When dc voltage is applied to the armature of a dc motor with its field excited by dc, a torque is developed and the armature rotates. It accelerates to a speed at which the emf induced in the armature conductors balances the applied voltage and the following DC Motor Basic Machine Equation is satisfied.
Eb is the induced emf in the armature by virtue of rotation in the uniform magnetic field at constant speed N. The nature of this emf is to oppose the terminal voltage and therefore it is also called back emf. The circuit conditions are shown in Fig. 4.47. Figure 4.47(a) depicts a separately excited motor where the excitation is provided by a current independent of Ia. Figure 4.47(b) depicts a series motor in which armature and field currents are the same. The generated voltage is given by
Φ is flux per pole
Z is number of armature conductors
N is speed in rpm
2P is number of poles
2a is number of parallel paths in the armature
For a given DC Drives Basic Machine Equation
The torque developed by the armature is given by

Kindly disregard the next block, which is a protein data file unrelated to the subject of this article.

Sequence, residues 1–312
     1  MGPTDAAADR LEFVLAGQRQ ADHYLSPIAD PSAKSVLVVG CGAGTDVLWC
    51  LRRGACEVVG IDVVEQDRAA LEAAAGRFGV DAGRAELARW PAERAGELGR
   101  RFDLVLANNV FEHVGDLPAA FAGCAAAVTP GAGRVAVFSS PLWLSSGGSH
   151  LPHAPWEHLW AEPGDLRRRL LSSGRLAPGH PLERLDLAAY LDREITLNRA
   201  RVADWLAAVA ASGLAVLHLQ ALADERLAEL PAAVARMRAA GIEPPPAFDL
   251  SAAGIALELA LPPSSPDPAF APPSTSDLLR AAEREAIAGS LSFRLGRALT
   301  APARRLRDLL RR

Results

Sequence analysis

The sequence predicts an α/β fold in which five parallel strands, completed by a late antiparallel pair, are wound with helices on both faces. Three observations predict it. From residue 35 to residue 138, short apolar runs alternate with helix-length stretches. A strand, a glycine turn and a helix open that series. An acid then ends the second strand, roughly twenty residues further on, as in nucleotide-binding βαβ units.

Ka is called armature constant of the DC Motor Basic Machine Equation.
Using Eqs 4.23 and 4.25 we have
In a separately excited motor Φ can be assumed to be constant at a given field current when armature reaction is neglected or compensated.
From eq. 4.27 it is clear that the speed of a DC Motor Basic Machine Equation can be varied by changing the value of (Va-Iara).
This is normally is achieved in two ways:
1.By varying the value of applied voltage to the armature, as is done in Ward Leonard system (Fig. 4.48).
2.By inserting an extra resistance in series with the armature (Fig. 4.49).
In the former, a variable voltage supply is required. The operation is loss free and efficient. The torque versus speed characteristic is shown in Fig. 4.50. In the latter, extra resistance inserted involves extra losses and the motor becomes less efficient. The speed-torque characteristic is shown in Fig. 4.51. In both the cases very small speeds up to zero speed are possible. The motor operates at constant torque from zero to base speed.
The speed of a DC Motor Basic Machine Equation is also varied by variation of field flux. Speeds above base speeds are possible in this method of control. This method is suitable for variable torque loads.
Speed control by means of a variable voltage is very efficient. This variable voltage is obtained from a generator. The method is known as the Ward Leonard method. It is very versatile and has the following features:
1.The motor can be accelerated at constant torque (constant armature current) by suitably adjusting the field of the motor.
2.The regenerative braking of the motor is possible and the motor can be brought to rest very fast.
3.Four quadrant operation of the motor is straightforward.
4.The capital cost is more, as an extra M G set is required.
6.The equipment requires space.